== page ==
Sa Pa is famous for its "love market" where local young people go to show off and find partners. It is held every Saturday night and provides a unique and unforgettable experience.
The love market is a tradition in the culture of the Mong, Tay and Dao. All the people around Sa Pa live in isolated villages and can only get together once a week during the Sunday morning market. The night before, young men and women from all around come to the love market to meet and express their emotions through playing the khen (pan pipe) and singing according to traditional customs of their people.

The experience of Sa Pa trip is not something that everyone can buy, but adventurous people and those who seek to know the hidden charm of Vietnamese hill tribes living in their old traditional mountain villages cannot miss this place.

Source : VNS

Recommendations:
Sapa Trekking & Homestay
Heaven Gate Route

December 16, 2010

Where and how to meet minorities in Southeast Asia

Minority cultures in Southeast Asia are often time capsules of earlier lifestyles that have escaped the full force of globalisation’s effects. Consequently, they are a highlight for travellers to the region who want to get a sense of a country’s past…as it collides with the present.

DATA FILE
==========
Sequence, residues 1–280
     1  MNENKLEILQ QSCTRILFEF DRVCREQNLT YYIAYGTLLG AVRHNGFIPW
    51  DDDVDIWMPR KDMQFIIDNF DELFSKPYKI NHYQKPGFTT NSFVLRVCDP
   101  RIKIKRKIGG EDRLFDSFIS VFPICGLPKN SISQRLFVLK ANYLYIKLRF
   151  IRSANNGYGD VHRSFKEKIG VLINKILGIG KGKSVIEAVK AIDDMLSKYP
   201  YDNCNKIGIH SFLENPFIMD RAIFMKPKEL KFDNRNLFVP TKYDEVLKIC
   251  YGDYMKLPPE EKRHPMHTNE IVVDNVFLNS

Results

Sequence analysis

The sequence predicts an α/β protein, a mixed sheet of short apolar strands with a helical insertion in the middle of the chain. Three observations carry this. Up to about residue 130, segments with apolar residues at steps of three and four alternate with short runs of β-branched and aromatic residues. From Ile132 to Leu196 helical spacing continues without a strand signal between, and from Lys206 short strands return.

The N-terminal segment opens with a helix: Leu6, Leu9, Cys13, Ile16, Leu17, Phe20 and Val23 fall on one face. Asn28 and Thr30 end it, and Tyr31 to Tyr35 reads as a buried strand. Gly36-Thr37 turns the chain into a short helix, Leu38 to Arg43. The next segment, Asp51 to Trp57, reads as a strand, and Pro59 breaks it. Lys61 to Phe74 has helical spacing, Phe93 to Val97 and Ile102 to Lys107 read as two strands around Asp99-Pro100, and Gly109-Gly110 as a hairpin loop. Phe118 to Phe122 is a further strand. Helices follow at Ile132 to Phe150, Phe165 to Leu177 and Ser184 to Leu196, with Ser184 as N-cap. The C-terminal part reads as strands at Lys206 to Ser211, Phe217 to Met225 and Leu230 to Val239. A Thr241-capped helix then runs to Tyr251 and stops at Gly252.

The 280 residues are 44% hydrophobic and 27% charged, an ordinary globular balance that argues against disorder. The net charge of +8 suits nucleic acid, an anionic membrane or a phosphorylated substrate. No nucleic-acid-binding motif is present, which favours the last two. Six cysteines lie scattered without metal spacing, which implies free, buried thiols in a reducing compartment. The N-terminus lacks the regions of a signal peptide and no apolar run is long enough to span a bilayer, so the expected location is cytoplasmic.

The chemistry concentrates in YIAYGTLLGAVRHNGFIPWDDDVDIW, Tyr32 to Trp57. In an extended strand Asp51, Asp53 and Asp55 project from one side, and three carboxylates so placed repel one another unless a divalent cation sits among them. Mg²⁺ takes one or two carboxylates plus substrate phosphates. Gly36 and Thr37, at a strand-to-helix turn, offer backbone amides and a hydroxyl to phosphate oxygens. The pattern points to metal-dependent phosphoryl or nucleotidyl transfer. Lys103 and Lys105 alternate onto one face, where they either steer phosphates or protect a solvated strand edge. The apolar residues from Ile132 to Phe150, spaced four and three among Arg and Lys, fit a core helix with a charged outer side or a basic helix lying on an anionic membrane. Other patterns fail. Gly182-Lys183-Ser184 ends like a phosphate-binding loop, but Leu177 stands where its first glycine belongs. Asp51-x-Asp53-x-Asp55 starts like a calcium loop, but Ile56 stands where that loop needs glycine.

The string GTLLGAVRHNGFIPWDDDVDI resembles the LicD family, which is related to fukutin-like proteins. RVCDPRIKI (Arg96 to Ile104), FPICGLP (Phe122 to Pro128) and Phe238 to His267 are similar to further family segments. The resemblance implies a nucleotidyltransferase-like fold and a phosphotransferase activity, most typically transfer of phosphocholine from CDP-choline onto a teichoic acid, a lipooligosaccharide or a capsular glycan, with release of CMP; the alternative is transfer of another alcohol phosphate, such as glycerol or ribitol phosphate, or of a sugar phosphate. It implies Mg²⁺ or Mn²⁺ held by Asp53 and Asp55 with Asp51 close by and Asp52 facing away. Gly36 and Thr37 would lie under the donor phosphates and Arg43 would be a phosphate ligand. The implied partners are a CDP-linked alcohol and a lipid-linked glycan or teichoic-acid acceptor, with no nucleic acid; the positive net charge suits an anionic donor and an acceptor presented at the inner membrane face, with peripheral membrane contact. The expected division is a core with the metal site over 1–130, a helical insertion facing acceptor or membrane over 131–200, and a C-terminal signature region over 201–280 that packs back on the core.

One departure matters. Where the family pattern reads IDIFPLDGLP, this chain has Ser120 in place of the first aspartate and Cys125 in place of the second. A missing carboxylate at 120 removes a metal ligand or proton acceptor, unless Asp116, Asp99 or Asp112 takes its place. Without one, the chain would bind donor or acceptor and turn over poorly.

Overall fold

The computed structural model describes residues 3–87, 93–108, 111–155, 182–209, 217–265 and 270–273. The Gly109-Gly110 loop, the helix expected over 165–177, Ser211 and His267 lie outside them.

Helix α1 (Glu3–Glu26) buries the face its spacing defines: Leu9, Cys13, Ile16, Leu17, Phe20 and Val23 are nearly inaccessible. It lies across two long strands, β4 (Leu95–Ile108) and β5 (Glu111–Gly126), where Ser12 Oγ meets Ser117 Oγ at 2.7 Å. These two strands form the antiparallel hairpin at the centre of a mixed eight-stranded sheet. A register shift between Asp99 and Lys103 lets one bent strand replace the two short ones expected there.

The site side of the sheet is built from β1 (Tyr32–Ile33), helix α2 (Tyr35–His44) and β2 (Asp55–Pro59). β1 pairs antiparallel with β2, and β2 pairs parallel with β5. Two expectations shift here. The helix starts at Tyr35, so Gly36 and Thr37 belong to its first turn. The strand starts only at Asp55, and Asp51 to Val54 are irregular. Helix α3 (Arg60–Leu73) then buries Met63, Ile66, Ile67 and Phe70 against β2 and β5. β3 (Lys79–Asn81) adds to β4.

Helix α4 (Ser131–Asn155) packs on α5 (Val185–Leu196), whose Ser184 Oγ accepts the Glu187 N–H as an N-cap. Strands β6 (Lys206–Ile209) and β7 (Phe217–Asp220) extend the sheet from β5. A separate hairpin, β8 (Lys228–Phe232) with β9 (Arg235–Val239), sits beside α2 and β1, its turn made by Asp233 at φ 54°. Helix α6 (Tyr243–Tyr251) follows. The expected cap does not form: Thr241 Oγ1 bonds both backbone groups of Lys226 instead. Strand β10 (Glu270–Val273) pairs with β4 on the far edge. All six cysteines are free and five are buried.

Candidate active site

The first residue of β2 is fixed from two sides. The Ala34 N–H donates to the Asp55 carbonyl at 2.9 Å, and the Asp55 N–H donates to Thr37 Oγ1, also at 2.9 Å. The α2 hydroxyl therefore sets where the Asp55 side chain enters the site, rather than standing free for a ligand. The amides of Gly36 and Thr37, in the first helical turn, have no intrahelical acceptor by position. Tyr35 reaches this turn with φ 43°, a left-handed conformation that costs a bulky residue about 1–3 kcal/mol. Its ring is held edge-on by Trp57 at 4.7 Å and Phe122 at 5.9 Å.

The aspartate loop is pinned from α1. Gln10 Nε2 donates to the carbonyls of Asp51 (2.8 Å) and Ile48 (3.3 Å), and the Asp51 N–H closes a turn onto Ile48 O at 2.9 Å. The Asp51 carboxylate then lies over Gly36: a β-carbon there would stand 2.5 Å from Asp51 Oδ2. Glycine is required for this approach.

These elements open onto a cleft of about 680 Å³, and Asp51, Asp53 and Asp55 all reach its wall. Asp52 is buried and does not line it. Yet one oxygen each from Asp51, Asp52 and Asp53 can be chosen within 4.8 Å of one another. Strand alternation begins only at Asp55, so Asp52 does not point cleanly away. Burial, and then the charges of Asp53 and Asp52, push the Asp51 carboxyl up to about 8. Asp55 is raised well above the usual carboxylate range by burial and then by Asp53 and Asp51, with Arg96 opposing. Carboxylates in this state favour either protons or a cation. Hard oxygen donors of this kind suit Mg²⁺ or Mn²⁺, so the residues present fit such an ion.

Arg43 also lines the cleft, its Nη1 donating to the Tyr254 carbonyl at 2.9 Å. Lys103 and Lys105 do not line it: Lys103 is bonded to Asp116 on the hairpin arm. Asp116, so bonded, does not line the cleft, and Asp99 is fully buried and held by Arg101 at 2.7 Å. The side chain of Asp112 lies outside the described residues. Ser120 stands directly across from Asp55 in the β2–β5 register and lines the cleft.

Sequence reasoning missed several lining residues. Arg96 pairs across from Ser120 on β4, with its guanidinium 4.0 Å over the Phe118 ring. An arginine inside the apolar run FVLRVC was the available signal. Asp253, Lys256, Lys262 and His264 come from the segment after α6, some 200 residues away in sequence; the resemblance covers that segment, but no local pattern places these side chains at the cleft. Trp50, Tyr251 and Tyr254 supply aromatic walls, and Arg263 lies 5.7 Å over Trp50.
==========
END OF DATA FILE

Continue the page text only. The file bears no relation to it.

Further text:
But how do you ensure that while visiting, you don’t cause unintended damage or offence? You can show your respect for a culture by being educated about its ways, beliefs and taboos. Here are a few general guidelines:

1. Always ask permission before taking photos of tribespeople.

2. Don’t touch totems at village entrances or sacred items hanging from trees.

3. Avoid cultivating a tradition of begging, especially among children.

4. Avoid public nudity and don’t undress near an open window.

5. Don’t flirt with members of the opposite sex.

6. Don’t drink or do drugs with the villagers.

7. Smile at villagers even if they stare.

8. Ask your guide how to say ‘hello’.

9. Avoid public displays of affection, which might be viewed as offensive to the spirit world.

10. Don’t interact with the villagers’ livestock; avoid interacting with jungle animals, which might be viewed as visiting spirits.

11. Don’t step on the threshold of a house, prop your feet up against the fire or wear your shoes inside.

The local annual
The local annual "love market" in Ha Giang, Vietnam

Where to meet Southeast Asia’s minority cultures

If you want to meet minority cultures, you’ll often have to get away from popular tourist centres; how far you’ll have to go depends very much on the country and how popular it is with visitors.